F1’s has put in place its plan to salvage the 2020 season and return to racing action.

In an update last week, F1 CEO Chase Carey laid out a blueprint of how the 2020 calendar may look once the campaign can get underway once it is safe to do so, after the ongoing COVID-19 pandemic forced the first 10 races to be called off.

Plans are in the works for the Austrian Grand Prix to go ahead as scheduled on July 3-5 behind closed doors.

“We are now increasingly confident with the progress of our plans to begin our season this summer,” Carey said.

The implications of a shortened F1 season | Crash.net

F1 remains determined to meet its target of staging between 15 and 18 rounds by the end of the year and to do so it is considering holding back-to-back rounds. At least eight races across three continents are required to validate a world championship.

The Red Bull-owned Spielberg track is the identified venue to kickstart the revamped 2020 schedule with Austria’s government not standing in F1’s way to hold the event.

Austria is likely to follow up the July 5 race with a second event on the following July 12 weekend, before the F1 paddock travels to Great Britain for another double-header at Silverstone on July 19. A final call on Silverstone's hopes to stage multiple races is likely to come in the coming weeks following meetings involving major sports bodies and the government in the UK. 

Initially held without spectators, the European rounds would take place across July, August and September, before events would follow in Asia and the Americas. Bahrain and Abu Dhabi would then form the final two races of the season in December.

Out of the 10 races to be affected so far, the Monaco and French rounds will definitely not take place after being cancelled altogether, while it is highly unlikely that the Australian Grand Prix, which was abandoned at the 11th hour, will be rescheduled for later in the year.

The Dutch Grand Prix - which was set to return to the F1 calendar for the first time in 35 years this month at a revamped Zandvoort - is likely to be deferred until 2021 following an extended ban on all public events until September 1.

Strict restrictions on public gatherings have also cast doubts over the initial dates for the Hungarian and Belgian rounds, with race organisers at the Hungaroring confirming the event will go ahead behind closed doors if at all. Both will surely have to be moved to a later date if they are to take place this year.

Monza is the latest venue understood to be keen on holding a second F1 race one week after its originally scheduled race on September 6. Automobile Club Italy president Angelo Sticchi Damiani has also dismissed reports the Italian Grand Prix had been cancelled as “fake news”.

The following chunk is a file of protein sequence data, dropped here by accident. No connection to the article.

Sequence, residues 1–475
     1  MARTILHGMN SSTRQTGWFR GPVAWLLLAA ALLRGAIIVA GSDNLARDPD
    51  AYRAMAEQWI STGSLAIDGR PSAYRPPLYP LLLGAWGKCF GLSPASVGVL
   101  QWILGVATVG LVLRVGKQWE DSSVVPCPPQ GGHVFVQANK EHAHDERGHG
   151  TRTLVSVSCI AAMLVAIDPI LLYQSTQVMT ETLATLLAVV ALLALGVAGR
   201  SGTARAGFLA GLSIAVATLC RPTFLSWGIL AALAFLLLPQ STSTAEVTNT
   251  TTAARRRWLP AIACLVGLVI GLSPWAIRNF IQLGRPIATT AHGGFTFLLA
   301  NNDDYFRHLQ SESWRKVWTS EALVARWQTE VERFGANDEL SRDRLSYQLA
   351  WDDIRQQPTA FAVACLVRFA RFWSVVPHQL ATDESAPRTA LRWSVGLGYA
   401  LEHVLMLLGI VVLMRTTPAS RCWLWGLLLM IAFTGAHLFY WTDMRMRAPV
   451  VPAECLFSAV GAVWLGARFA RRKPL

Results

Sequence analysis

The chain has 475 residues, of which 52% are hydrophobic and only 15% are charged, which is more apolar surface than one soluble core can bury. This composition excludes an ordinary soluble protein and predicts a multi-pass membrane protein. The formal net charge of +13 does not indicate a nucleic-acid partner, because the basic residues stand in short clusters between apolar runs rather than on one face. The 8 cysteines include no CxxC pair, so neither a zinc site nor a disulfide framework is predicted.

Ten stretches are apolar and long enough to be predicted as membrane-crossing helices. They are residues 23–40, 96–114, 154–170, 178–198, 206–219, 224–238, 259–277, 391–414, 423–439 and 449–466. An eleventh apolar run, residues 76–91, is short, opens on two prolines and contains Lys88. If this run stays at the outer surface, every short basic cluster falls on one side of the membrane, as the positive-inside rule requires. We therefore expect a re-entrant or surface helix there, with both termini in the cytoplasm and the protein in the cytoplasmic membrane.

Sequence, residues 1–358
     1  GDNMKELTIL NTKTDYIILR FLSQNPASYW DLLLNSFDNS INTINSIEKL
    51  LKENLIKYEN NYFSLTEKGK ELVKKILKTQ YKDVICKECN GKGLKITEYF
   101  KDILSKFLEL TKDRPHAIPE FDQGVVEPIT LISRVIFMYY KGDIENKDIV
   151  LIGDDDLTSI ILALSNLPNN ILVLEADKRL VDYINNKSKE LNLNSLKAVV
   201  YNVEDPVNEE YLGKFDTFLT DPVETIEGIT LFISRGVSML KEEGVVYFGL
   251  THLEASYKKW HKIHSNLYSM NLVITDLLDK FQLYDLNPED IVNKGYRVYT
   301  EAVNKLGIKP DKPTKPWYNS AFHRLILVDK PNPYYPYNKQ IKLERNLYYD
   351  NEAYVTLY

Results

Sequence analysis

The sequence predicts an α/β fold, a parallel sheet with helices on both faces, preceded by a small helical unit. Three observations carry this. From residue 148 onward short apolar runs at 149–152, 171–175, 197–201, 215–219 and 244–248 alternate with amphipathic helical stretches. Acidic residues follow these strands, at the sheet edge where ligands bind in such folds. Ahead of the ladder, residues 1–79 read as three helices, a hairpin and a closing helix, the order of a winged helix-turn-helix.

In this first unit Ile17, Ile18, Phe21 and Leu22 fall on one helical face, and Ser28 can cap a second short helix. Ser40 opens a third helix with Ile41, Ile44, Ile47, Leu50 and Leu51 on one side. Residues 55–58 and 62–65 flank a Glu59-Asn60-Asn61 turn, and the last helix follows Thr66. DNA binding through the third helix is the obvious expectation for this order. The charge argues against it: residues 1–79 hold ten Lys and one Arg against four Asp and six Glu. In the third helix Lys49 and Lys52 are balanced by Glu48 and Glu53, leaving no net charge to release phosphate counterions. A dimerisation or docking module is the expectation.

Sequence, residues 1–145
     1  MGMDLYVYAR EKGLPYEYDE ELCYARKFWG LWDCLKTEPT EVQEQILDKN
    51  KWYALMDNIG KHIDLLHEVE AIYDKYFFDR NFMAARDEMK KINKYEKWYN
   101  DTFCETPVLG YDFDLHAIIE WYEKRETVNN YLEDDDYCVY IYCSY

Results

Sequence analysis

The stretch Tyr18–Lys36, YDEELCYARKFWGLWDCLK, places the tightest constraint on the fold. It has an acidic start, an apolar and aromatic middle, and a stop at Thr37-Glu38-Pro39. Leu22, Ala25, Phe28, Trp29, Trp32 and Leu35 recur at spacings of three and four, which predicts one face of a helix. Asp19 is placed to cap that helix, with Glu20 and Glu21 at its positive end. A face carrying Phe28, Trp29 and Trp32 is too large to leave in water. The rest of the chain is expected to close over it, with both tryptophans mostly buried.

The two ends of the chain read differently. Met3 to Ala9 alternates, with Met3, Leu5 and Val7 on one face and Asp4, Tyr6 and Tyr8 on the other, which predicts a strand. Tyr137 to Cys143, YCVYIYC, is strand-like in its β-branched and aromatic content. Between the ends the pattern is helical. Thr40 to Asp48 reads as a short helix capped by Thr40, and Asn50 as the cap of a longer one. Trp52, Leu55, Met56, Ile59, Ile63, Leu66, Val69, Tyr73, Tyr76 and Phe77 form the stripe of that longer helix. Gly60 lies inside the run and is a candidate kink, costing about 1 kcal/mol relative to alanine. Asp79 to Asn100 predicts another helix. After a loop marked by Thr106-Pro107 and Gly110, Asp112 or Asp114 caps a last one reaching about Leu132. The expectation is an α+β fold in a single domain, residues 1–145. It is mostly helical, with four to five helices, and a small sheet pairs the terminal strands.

If all rounds could not be completed before the end of 2020, a worst-case scenario could also see races extend into January next year.

F1 says it hopes to be in a position to publish a finalised calendar “as soon as we possibly can”.

F1’s to create ‘biosphere’ environment

F1 has outlined a comprehensive plan to create a “biosphere” environment that would include strict testing and social distancing policies to ensure races can take in a safe and controlled manner.

Under the measures, a trimmed-down number of paddock personnel would undergo frequent testing for coronavirus to prevent any cases of infection.

"Everyone will be tested, and will have clearance before they can go in," F1 managing director of motorsports Ross Brawn told the F1 Show earlier this week.

"And then every two days, they'll be tested whilst they're in the paddock."

Restrictions on how people move will also be imposed to avoid mixing staff as much as possible. The 10 teams will be kept apart and will stay in different hotels, as opposed to their usual European motorhomes which will not be present in the paddock.

“We'll have restrictions on how people move around within the paddock,” Brawn explained.

“We can't have staff that socially distance so we have to create an environment within itself that is effectively a small bubble of isolation.

"The teams will stay within their own groups. They won't mingle with other teams and they'll stay in their own hotels. There will be no motorhomes there.

"There's a tremendous amount of work going on between ourselves and the FIA and I'm very encouraged by what I'm seeing and what I'm hearing that we'll be able to provide a safe environment and we can.”

Naturally, all current plans are provisional and F1 could be forced to make further alterations depending on the ever-developing coronavirus situation and restrictions imposed by national governments.